Simple Nomenclator Query Protocol (SNQP)
RFC 2259

Document Type RFC - Informational (January 1998; No errata)
Last updated 2013-03-02
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Network Working Group                                         J. Elliott
Request for Comments: 2259                      Epic Systems Corporation
Category: Informational                                       J. Ordille
                                          Bell Labs, Lucent Technologies
                                                            January 1998

                Simple Nomenclator Query Protocol (SNQP)

Status of this Memo

   This memo provides information for the Internet community.  It does
   not specify an Internet standard of any kind.  Distribution of this
   memo is unlimited.

Copyright Notice

   Copyright (C) The Internet Society (1998).  All Rights Reserved.

Abstract

   The Simple Nomenclator Query Protocol (SNQP) allows a client to
   communicate with a descriptive name service or other relational-style
   query service.  The protocol is useful to services that search many
   data repositories for query responses.  Clients can pose queries on
   relations, list descriptions of relations, and obtain advice on
   reducing the search time and cost of their queries.  Clients are
   informed of the age of information in caches, and may request more
   recent information.  SNQP provides support for graphical user
   interfaces.  It also supports different types of comparison
   operators, so services can use SNQP with a variety of back-end
   servers, e.g. relational database servers, CCSO servers, and servers
   providing relational views of X.500.

   SNQP is an ASCII protocol in the request-reply style of SMTP.  It was
   specifically designed for use with the Nomenclator name and
   information service, and has been useful elsewhere.

1. Introduction

   The Simple Nomenclator Query Protocol (SNQP) is a protocol for
   querying servers that search collections of data repositories.  Users
   retrieve information from an SNQP server by describing attributes of
   the information.  SNQP servers contact one or many data repositories
   to retrieve the response to a user query.  If the data repositories

Elliott & Ordille            Informational                      [Page 1]
RFC 2259                          SNQP                      January 1998

   differ in protocol or data format, it is responsibility of the SNQP
   server to translate protocols and data formats to provide one,
   integrated answer to the user's query.

   SNQP servers share the protocol needs of centralized data
   repositories that answer queries with locally stored data.  SNQP
   servers also require specialized protocol features due to their
   distributed search characteristics.

   In highly distributed environments, it is unreasonable to expect all
   data repositories that need to be searched to be available when
   queries are posed.  SNQP servers require facilities for returning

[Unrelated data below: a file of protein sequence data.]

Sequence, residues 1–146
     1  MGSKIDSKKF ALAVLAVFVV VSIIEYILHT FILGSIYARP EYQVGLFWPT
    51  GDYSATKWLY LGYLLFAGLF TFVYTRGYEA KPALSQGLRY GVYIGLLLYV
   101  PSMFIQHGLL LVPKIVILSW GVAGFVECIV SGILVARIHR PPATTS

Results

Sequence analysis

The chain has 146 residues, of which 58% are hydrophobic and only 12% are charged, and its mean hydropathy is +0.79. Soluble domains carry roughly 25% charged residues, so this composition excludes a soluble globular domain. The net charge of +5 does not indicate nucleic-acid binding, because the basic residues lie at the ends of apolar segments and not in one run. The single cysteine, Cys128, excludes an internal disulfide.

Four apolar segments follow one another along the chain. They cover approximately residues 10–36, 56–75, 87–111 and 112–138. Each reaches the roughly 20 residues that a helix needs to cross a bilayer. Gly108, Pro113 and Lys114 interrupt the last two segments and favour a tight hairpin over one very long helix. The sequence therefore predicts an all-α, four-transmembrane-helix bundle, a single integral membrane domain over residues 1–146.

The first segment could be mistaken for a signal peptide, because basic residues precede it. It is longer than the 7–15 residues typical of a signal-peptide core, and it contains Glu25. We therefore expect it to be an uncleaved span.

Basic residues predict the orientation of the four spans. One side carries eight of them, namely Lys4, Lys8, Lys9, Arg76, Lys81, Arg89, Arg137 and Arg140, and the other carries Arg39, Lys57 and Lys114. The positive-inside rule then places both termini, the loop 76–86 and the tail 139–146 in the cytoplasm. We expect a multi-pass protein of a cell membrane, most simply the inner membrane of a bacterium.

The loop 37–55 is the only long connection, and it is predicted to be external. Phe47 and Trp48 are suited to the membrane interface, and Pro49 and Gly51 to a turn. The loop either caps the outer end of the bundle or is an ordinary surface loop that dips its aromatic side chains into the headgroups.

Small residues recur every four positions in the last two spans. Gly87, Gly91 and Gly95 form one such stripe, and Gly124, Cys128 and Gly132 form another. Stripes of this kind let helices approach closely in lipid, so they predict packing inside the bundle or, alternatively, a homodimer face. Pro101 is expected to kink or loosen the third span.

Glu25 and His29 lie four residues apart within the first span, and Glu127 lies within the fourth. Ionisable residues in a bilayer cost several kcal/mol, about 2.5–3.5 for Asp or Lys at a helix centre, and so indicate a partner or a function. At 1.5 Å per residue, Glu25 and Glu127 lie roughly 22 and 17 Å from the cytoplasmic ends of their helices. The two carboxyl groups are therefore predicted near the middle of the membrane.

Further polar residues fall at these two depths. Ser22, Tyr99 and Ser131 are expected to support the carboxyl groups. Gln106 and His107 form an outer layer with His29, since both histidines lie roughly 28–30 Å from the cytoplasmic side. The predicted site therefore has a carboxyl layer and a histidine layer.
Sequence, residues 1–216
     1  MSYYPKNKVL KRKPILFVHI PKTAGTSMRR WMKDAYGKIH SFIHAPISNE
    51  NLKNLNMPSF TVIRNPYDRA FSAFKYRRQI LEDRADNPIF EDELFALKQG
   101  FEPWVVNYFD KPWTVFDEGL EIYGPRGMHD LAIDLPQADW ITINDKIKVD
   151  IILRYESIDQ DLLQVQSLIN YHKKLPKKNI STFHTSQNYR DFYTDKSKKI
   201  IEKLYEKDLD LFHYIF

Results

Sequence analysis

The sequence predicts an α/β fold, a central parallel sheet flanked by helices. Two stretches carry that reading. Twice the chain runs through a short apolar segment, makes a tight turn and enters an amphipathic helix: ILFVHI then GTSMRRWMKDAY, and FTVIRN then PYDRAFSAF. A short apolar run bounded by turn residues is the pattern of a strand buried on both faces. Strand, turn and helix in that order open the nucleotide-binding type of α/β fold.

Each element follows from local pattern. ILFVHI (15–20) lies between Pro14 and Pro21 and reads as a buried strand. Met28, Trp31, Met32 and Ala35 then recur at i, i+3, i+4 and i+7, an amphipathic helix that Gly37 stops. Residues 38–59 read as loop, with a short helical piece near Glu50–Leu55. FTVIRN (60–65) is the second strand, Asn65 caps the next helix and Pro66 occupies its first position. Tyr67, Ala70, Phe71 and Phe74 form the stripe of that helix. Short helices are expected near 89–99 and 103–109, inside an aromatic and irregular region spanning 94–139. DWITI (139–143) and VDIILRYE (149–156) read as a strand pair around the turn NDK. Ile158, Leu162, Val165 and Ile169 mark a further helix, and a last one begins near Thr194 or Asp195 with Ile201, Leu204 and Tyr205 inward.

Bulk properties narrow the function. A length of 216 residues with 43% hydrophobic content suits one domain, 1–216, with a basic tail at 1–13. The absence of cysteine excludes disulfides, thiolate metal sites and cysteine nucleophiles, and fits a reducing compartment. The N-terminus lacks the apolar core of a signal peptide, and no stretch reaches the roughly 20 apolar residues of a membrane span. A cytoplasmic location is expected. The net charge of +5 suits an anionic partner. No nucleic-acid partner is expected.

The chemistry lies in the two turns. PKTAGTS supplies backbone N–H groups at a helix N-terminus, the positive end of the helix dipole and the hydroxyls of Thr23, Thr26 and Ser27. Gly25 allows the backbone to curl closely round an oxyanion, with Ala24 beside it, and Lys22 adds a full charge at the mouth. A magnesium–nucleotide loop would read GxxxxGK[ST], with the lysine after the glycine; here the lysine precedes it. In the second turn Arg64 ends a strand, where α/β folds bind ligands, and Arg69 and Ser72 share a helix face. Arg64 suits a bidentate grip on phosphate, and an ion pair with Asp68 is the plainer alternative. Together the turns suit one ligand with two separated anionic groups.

partial results in the presence of communications errors with data
   repositories.   The partial results must indicate how to resubmit the
   query only to those data repositories that are unavailable.

   In addition, users may pose queries without realizing the cost of the
   search for query responses.  SNQP provides facilities for informing
   users of query costs and advising them on limiting that cost.  Costs
   and advice are returned before queries are executed.

   Finally, SNQP servers may cache data and meta-data to speed query
   responses.  Servers can inform users of the t-bound for their query
   response.   A t-bound is the time after which changes may have
   occurred to the data that are not reflected in the query response
   [6,2].  A t-bound is the time of the oldest cache entry used to
   calculate the response.  Users can request that query responses are
   more current then a particular t-bound.  Making such a request
   flushes older items from the cache.

   SNQP provides support for graphical user interfaces.  It also
   supports different types of comparison operators, so SNQP servers can
   query a variety of back-end data repositories, e.g. relational
   databases, CCSO servers [3], and servers providing relational views
   of X.500 [10].

   SNQP is a connection-oriented protocol.  A client initiates a query
   session with an SNQP server by making a TCP connection to a well-
   known port.  The client then executes a series of SNQP commands.
   These commands are listed briefly in Table 1.  Section 2 provides
   some typical scenarios for using these commands, and Section 3
   describes the commands fully.  The server replies to each command
   using the theory of reply codes described for the Simple Mail
   Transfer Protocol (SMTP) [9]. The theory of reply codes and the
   defined reply codes are described in Section 4.

Elliott & Ordille            Informational                      [Page 2]
RFC 2259                          SNQP                      January 1998

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